But even our civilizations current transmissions are not that eas ...[text shortened]... trial radio
    signals?
    My first guess would be that we haven't yet ruled out the nearest star.
    Well the place to go to find that out would be SETI.

    I don't know over what kind of range they could detect the alien equivalent of tv signals,
    but I am pretty sure they have ruled out our nearest neighbours.

    However they are mainly looking for signals actually intended to be detected by us, and
    for most of their history they have been technologically limited to searching a narrow frequency
    band and thus have had to guess what frequency the aliens would pick to broadcast on
    and hope.

    Now they are gaining the ability to scan more frequencies and can broaden their search,
    but even if aliens were broadcasting to the galaxy in an attempt to make contact it's not certain
    that they would do it via radio waves.

    If it is possible to transmit (or travel) information at FTL speeds then they would almost certainly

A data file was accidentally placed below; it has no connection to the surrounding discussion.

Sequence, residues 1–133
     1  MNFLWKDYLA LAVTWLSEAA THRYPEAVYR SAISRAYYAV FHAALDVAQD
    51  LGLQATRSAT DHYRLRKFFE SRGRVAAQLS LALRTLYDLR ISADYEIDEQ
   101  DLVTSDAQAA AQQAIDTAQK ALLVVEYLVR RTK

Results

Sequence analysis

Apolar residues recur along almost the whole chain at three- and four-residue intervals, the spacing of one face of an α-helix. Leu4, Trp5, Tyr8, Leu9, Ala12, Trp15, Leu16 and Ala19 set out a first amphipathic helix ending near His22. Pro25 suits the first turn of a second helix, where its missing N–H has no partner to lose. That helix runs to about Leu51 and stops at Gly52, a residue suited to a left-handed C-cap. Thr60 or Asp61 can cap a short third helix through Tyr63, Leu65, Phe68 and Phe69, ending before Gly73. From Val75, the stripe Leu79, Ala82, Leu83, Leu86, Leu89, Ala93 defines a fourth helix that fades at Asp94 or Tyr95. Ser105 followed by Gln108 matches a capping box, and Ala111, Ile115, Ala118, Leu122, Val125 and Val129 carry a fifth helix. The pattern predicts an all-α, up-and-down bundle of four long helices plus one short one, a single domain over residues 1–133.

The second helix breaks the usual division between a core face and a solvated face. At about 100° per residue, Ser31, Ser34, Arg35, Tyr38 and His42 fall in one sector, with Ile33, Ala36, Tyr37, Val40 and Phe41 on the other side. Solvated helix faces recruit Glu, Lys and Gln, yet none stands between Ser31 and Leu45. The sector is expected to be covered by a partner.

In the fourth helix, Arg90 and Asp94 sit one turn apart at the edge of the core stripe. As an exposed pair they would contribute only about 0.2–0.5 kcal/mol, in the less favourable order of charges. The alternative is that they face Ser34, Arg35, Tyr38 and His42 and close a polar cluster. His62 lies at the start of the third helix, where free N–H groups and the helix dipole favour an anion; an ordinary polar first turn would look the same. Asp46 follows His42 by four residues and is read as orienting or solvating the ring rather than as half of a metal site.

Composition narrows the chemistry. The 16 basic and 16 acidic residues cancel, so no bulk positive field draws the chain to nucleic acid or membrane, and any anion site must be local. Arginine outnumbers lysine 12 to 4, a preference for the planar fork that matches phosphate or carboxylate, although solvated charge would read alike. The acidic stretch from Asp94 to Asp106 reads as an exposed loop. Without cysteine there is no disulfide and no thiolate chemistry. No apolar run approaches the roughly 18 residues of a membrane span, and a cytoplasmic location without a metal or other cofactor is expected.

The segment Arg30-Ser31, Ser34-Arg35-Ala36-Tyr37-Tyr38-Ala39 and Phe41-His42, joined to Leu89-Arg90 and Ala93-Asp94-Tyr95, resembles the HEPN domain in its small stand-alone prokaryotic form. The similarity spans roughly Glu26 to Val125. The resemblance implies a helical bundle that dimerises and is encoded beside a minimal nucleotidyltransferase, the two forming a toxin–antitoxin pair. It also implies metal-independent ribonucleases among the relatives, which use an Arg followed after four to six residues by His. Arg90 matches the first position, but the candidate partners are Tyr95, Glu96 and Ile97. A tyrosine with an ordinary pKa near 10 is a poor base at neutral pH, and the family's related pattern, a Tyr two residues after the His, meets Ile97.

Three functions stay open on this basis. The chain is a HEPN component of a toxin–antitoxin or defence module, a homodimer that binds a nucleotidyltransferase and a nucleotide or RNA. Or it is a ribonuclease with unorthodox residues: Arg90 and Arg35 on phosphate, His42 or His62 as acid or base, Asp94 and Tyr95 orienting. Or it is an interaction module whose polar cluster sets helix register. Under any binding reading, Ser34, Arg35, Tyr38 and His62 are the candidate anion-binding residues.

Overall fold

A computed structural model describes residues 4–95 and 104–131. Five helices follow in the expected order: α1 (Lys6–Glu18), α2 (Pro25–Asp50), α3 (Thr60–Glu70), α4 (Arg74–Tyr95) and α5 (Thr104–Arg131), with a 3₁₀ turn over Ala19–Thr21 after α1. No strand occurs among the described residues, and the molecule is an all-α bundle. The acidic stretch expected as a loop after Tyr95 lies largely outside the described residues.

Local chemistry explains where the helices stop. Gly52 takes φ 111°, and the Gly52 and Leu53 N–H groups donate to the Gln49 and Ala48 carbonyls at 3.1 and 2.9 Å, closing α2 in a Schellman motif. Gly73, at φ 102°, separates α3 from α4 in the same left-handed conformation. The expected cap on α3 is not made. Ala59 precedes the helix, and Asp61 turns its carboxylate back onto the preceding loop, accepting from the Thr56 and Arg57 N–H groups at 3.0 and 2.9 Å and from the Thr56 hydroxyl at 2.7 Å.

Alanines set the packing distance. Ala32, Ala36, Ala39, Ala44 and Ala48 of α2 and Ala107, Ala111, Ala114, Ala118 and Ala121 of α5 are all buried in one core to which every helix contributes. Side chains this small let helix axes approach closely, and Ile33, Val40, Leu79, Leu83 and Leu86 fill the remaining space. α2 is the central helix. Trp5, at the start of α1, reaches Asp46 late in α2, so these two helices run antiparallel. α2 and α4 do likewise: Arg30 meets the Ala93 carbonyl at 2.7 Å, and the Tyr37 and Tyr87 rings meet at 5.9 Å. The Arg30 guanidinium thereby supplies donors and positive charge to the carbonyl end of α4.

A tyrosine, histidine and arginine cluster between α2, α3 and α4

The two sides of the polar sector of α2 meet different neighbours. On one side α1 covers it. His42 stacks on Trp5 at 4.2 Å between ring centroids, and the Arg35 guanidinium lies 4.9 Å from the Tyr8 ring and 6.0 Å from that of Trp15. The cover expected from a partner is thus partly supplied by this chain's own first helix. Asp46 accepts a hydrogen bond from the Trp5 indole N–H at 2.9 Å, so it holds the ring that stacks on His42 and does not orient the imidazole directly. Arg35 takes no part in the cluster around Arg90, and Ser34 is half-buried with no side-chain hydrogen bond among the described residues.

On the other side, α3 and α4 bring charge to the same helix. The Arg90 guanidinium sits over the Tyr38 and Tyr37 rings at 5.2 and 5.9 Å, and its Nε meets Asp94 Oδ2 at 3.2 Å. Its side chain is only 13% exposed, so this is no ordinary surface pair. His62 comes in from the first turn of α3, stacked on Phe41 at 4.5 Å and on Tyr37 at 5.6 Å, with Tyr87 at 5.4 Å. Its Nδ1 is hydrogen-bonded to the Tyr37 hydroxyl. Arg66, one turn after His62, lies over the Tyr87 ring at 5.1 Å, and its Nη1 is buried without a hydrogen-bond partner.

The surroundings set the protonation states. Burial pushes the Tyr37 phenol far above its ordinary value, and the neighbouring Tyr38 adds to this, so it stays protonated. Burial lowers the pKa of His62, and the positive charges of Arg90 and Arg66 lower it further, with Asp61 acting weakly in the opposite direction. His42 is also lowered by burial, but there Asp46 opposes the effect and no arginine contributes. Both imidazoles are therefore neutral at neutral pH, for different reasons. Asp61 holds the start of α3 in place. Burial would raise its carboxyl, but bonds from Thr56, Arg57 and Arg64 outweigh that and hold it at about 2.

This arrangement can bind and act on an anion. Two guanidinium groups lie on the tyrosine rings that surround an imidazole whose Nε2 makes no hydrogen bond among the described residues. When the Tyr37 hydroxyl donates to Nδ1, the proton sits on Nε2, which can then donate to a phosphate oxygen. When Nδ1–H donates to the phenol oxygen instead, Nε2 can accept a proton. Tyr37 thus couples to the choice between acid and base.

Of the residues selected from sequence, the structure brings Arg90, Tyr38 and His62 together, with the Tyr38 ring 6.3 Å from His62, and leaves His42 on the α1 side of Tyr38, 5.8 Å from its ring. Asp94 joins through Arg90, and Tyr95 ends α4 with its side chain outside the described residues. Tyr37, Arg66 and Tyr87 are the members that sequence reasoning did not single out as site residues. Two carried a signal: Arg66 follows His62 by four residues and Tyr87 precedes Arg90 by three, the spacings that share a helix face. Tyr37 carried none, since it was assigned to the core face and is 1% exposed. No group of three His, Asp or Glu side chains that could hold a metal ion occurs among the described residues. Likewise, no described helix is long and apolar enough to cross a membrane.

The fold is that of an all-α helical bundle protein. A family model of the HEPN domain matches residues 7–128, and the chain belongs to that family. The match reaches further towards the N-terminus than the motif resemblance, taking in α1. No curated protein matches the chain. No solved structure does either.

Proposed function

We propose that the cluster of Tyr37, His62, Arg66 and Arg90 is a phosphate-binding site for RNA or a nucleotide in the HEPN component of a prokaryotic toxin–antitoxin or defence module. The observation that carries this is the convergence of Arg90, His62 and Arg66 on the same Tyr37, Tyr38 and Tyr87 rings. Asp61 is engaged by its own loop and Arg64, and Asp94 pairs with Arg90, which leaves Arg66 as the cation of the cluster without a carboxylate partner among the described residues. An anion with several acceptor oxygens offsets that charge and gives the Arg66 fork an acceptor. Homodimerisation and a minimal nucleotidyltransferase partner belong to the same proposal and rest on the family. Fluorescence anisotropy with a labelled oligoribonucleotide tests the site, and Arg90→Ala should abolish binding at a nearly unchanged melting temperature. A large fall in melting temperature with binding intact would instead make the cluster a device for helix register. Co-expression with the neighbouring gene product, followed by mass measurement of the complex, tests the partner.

be using that. Even if that's not possible, they may prefer the higher data rates of different frequencies.
    And it's entirely possible that they don't broadcast the the galaxy at all for fear of relativity bombs.

    Assuming the OP wasn't completely pulling figures out of his posterior, it's possible that 80% of the sky
    has been searched for signals, but only with limited sensitivity, on a limited frequency range, and thus
    far from conclusive.
  15. Joined
    18 Jan '07
    Moves
    6873
    01 Dec '11 12:07
    Originally posted by googlefudge
    The chances of us being the only intelligent life in the universe are effectively zero.
    The universe is just so vast, and the number of possible places for life to form and evolve so huge, that its effectively certain that alien life exists elsewhere.